Cybersecurity Market Faces Funding Downturn in Q1 2024 – Security Boulevard

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In the first quarter of 2024, funding deals within the cybersecurity sector experienced a significant decline of 20% year over year, amounting to $2.3 billion, according to Pinpoint Search Group.

Despite the decrease, cybersecurity vendors closed 77 funding rounds during the quarter, a slight uptick from the 75 funding rounds recorded in the same period last year. Notably, seed rounds constituted 40% of the Q1 funding transactions, mirroring the figures from the previous year.

The Pinpoint Search Group report also highlighted a decline in merger and acquisition activity within the cybersecurity market, with the number of deals decreasing from 31 in Q1 2023 to 24 in the most recent quarter.

Positive Signs Amid the Slowdown

Mark Sasson, founder and managing partner at Pinpoint Search Group, said the fact that Q1 2024 numbers came in as they did is a good sign.

“The first quarter of 2023 represented the tail end of an explosive two-year period of funding for cybersecurity vendors that quickly trended downward in parallel with the broader economic downturn,” Sasson explained. “The Q1 2024 numbers represent a potential upward trajectory following three quarters of decline.”

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Seed rounds dominated funding transactions throughout 2023. It’s not surprising that the trend is continuing into Q1 2024, Sasson said. “As many late-stage security vendors failed to adapt to changing market conditions, investors moved on,” he explained. “It seems many decided to make low-risk, low-dollar investments into early-stage companies proposing solutions that address the biggest security holes today.”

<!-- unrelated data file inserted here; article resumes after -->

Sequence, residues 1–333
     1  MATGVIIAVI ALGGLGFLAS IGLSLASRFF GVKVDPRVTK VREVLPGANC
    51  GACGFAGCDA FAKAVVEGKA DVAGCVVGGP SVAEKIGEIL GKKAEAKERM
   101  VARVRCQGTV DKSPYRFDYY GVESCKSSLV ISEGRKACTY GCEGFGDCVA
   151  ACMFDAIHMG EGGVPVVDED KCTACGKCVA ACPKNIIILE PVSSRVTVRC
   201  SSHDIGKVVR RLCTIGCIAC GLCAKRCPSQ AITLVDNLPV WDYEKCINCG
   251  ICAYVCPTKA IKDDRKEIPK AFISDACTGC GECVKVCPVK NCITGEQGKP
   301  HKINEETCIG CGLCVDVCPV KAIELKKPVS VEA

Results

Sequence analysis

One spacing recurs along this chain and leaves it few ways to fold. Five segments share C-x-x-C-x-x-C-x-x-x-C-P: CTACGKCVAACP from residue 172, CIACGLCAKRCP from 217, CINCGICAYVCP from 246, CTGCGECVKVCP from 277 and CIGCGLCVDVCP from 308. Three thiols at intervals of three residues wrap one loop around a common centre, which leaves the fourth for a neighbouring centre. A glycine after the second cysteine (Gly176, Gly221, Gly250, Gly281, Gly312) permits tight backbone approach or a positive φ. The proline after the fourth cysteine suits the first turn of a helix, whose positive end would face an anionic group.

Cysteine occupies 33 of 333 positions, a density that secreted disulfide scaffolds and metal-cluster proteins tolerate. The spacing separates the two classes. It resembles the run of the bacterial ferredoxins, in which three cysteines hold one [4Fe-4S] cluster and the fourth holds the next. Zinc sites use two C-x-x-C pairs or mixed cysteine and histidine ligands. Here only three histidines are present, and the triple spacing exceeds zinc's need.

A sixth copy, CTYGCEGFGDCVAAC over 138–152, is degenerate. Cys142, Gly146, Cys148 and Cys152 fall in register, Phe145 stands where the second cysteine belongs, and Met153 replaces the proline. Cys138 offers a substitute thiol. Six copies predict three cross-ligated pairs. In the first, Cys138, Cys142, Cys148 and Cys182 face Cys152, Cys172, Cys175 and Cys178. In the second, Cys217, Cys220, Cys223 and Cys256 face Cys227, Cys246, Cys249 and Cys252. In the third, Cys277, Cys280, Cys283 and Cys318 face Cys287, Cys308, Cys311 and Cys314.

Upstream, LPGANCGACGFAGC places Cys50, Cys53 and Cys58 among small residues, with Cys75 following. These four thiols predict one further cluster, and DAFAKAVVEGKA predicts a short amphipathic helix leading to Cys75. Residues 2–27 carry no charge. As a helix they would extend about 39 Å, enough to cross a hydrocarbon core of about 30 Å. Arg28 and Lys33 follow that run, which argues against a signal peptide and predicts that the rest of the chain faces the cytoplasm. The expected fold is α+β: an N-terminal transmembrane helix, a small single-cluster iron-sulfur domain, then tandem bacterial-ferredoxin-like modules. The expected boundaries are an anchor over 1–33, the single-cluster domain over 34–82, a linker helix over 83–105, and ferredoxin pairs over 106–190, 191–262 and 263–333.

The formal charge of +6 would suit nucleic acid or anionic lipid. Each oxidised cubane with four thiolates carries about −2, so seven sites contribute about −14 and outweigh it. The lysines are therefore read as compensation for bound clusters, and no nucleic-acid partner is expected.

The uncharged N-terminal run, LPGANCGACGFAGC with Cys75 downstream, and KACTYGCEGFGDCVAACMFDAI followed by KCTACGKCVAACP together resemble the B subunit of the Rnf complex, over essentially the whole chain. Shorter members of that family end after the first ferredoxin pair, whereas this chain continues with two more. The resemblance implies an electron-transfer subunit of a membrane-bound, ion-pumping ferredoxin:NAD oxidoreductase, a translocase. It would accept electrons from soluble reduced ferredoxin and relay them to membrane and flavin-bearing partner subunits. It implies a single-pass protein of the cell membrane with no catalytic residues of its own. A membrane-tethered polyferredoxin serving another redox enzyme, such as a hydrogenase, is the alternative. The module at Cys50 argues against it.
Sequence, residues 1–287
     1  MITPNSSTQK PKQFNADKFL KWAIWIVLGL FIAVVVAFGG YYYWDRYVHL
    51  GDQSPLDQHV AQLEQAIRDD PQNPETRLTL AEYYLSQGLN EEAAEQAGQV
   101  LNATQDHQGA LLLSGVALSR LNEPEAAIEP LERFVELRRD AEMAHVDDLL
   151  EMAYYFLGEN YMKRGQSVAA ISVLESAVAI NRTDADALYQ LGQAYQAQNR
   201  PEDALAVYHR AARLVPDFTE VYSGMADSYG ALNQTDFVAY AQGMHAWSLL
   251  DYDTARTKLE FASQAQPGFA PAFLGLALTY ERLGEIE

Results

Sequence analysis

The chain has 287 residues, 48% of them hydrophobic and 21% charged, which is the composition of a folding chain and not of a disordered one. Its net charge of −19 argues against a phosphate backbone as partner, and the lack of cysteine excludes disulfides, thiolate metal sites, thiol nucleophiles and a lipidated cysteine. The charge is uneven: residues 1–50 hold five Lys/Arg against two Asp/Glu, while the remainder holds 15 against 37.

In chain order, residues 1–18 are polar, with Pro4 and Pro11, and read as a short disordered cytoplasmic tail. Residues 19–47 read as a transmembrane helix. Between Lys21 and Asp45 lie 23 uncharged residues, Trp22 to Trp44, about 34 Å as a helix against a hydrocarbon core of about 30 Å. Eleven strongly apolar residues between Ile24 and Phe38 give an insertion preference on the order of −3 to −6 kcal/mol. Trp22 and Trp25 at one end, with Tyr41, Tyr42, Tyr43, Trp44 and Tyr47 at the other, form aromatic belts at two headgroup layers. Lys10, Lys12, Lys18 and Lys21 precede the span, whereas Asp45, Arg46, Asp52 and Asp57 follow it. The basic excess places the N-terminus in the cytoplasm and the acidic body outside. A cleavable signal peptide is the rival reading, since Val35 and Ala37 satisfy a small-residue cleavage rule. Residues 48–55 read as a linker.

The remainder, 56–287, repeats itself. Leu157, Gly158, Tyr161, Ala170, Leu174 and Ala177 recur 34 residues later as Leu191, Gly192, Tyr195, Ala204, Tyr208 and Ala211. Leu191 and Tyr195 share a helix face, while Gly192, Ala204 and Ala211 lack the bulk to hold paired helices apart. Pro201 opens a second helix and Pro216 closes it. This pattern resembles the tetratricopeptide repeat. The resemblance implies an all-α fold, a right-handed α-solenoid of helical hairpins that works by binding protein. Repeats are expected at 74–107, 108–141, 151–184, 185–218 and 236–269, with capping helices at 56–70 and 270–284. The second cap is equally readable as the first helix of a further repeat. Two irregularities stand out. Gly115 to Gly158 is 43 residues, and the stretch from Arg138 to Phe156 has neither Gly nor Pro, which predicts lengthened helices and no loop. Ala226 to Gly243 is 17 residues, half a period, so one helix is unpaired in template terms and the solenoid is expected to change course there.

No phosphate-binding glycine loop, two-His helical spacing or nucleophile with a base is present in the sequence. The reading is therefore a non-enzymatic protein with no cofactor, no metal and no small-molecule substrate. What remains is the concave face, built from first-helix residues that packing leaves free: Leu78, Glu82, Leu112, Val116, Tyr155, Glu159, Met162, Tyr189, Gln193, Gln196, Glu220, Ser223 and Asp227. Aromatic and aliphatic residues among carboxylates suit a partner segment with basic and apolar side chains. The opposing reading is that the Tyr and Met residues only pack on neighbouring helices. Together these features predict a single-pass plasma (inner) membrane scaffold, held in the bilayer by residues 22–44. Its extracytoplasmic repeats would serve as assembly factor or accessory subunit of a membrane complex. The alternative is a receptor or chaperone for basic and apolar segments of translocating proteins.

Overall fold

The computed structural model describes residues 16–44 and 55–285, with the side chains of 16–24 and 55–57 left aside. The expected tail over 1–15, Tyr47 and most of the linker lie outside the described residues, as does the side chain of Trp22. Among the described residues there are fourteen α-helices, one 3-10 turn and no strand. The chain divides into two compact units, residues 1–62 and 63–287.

Seth Spergel, managing partner at Merlin Ventures, said from what he’s seen, seed funding has remained strong, and the primary drop-off has been in the later stages. “While there is a small dip in seed deals, even as the individual deal sizes get larger, the number of A, B, and especially later stage deals has fallen off dramatically,” Spergel said. “I believe some of this is due to a stagnant IPO market.”

Without IPOs happening, Spergel said, it’s harder to justify an investment in a late-stage company that does not have an obvious path to exit.

Confidence in Cybersecurity Innovators

Spergel sees signs that the market is opening. He hopes that the pressure will begin to alleviate over the next six to twelve months.

In terms of innovation, Spergel pointed out, many of the newest developments come from new companies that are raising their seed rounds, and there the market remains strong. “Given the time horizons for a company to raise a series A after a strong seed round, I believe companies raising seed rounds now will be raising their A rounds in a much stronger later-stage market, as they will likely not need to raise for 18 months or so,” he said.

As far as the market outlook is concerned, Sasson said, it’s too early to tell. But his confidence in cybersecurity remains high. “March 2024 was a particularly encouraging month, with vendors exceeding $1 billion in funding for the first time in thirteen months,” Sasson said. “However, we really need to see how funding shapes up in the next few quarters to determine if we saw a temporary spike versus a stabilizing trend.”

People with bad intentions and nation-state competition and conflict will compel all parties to continue innovating, investing in, and purchasing modern security solutions, Sasson said.

Strategically, investors are expected to continue to track new technology innovations and how threat actors might exploit them. “From there, they’ll invest in founders that present a credible solution,” Sasson said. “A few segments of security I’ll be watching with interest will be Web3 and blockchain, firmware and supply chain, critical infrastructure, and, of course, AI model security.”

Spergel said companies that can drive reductions in cost and complexity for buyers will be the winners. “Novel approaches to the market that rethink old ways of doing things and improve both service levels and cost efficiencies become even more critical as organizations struggle with both budgets and finding qualified staff,” he said.

Photo credit:  Jakub Żerdzicki on Unsplash

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